We move along now to some principles that we as believers should be living by. We saw last study that we must seek for unity and to continue to do the work of the Lord in every area of our life. That really started with coming together for the common goal of spreading the message of the Gospel as we looked at in our last study. In this study and the next one we will come upon some very familiar verses that we have a kind of pre-conceived idea of what these verses mean to us but we will unfold these in the very context of what Paul is speaking on. As we approach this passage of Scripture we need to remind ourselves that Paul is in his last section of this letter in which he is encouraging and exhorting these Philippian believers. He desires for these believers to grow spiritually as we have seen throughout this letter and here he starts with the encouragement to stand firm in the Lord Jesus as he says in Philippians 4:1.
This act of standing firm must be found in our ability to have unity between ourselves for the common goal of serving the Lord Jesus. That is what he dealt with last study and now he will move into a couple of other principles that we must live by to help us in standing firm for the Lord. This brings us to our first point.
1.Rejoicing always in the Lord.
Look with me at Philippians 4:4 Rejoice in the Lord always; again I will say, rejoice. This is really an easy concept to think about in terms of how we should be living seeing that we have been given salvation but this concept is not as easy to practice at times. It is hard to rejoice at times of distress and heartache or at times when the weight of life is weighing down on us. We find it difficult to have joy when others have hurt us in so many ways and we find it difficult even in ministry to always find joy because people seem to somehow drag you down with either their problems or some other conflict in the church. Even with all of this we are told here to rejoice in the Lord always. If anyone knew heartache and pain in life and in ministry it would be Paul. Just look at his hardships he listed in 2 Corinthians 11:23b-28 with far greater labors, far more imprisonments, with countless beatings, and often near death. 24 Five times I received at the hands of the Jews the forty lashes less one. 25 Three times I was beaten with rods. Once I was stoned. Three times I was shipwrecked; a night and a day I was adrift at sea; 26 on frequent journeys, in danger from rivers, danger from robbers, danger from my own people, danger from Gentiles, danger in the city, danger in the wilderness, danger at sea, danger from false brothers; 27 in toil and hardship, through many a sleepless night, in hunger and thirst, often without food, in cold and exposure. 28 And, apart from other things, there is the daily pressure on me of my anxiety for all the churches.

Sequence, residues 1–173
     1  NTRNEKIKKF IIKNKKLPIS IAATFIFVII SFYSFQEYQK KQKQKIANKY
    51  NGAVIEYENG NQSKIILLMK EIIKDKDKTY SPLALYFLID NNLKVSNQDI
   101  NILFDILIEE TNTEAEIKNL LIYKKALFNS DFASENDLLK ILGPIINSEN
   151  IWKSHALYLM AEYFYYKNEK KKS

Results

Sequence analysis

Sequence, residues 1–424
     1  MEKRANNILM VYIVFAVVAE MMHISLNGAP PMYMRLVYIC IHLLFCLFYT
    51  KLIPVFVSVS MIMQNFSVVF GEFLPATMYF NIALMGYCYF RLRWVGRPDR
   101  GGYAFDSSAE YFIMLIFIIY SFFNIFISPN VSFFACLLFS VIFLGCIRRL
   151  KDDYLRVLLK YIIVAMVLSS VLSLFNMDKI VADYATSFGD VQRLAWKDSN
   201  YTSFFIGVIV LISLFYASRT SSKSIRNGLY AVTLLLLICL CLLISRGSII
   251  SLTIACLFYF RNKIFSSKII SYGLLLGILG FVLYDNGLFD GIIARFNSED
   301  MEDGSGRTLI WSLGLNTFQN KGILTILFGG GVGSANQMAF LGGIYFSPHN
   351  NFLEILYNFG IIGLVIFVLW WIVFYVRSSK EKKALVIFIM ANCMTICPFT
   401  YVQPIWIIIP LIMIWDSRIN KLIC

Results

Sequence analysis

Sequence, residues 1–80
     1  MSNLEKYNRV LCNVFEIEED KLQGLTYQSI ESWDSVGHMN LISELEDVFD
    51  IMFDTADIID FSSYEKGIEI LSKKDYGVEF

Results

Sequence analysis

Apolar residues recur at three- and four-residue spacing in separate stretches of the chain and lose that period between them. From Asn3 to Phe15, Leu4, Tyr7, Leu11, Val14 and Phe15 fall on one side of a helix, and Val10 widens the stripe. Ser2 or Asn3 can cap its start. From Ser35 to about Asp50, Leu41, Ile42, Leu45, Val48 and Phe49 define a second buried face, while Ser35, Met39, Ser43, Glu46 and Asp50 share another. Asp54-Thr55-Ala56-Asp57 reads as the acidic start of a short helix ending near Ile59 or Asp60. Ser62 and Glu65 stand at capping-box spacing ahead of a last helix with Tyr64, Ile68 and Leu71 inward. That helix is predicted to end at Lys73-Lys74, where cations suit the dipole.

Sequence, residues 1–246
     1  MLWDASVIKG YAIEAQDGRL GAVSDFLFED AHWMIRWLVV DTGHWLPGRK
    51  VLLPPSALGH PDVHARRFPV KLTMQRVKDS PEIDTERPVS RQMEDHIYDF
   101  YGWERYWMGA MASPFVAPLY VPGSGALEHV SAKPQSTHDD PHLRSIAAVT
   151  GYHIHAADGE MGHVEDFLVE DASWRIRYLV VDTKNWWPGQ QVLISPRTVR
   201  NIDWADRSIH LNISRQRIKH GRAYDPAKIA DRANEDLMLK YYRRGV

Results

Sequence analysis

He speaks about these hardships in numerous passages of Scripture throughout his letters and often in 2 Corinthians and we still want to know, how is it that Paul would say rejoice in the Lord always? Paul knew that anything that he went through was for a purpose that was beyond himself. Often we get stressed and upset about things because things aren’t going the way we think they should be. This type of self-centeredness causes us to lose sight of the fact that we should be joyful because of what God has done in us through the Lord Jesus Christ. Paul says this at the beginning of 2 Corinthians about why he faces affliction and hardships the way he does. Look what he says in 2 Corinthians 1:3-4 Blessed be the God and Father of our Lord Jesus Christ, the Father of mercies and God of all comfort, 4 who comforts us in all our affliction, so that we may be able to comfort those who are in any affliction, with the comfort with which we ourselves are comforted by God.